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MEPS prepress abstract   -  DOI:

Spatiotemporal segregation of ocean sunfish species (Molidae) in the eastern North Pacific

M. C. Arostegui*, C. D. Braun, P. A. Woodworth-Jefcoats, D. R. Kobayashi, P. Gaube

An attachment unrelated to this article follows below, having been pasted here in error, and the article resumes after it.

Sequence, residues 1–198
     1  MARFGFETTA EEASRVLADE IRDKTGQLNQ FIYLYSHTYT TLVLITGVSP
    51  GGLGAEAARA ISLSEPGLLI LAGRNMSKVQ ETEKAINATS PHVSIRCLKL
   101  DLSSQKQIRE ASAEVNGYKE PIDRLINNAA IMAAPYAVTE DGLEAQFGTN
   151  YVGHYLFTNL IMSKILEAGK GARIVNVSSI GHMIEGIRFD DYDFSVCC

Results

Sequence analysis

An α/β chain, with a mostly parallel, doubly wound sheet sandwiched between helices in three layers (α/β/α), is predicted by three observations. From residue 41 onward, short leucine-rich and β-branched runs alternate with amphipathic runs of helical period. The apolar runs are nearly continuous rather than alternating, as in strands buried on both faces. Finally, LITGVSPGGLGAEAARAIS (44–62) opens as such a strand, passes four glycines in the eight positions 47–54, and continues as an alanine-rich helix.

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ABSTRACT: Ocean sunfishes or molas (Molidae) are difficult to study as a result of their extensive movements and low densities in remote waters. In particular, little is known of the environmental niche separation and differences in the reproductive or movement ecology of molids in sympatry. We investigated spatiotemporal dynamics in the distribution of the common mola (Mola mola), sharptail mola (Masturus lanceolatus), and slender mola (Ranzania laevis) in the eastern North Pacific. We used observer data from a commercial fishery consisting of 85,000+ longline sets spanning 24 years, > 50 in longitude, and > 45 in latitude. Satellite altimetry analysis, species distribution modeling, and multivariate ordination revealed thermal niche separation, spatiotemporal segregation, and distinct community associations of the three molid species. Our quantitative findings suggest that the common mola is a more temperate species while slender and sharptail mola are more (sub)tropical species, and that slender (and possibly also sharptail) mola undergo spawning migrations to the region around the Hawaiian Islands. In addition, we identify potential effects of fishing gear type on molid catch probability, an increasing trend in catch probability of a vulnerable species perhaps related to a shift in the distribution of fishing effort, and the possible presence in the fishery of a fourth molid species being misidentified as a congener, all of which are important conservation considerations for these enigmatic fishes.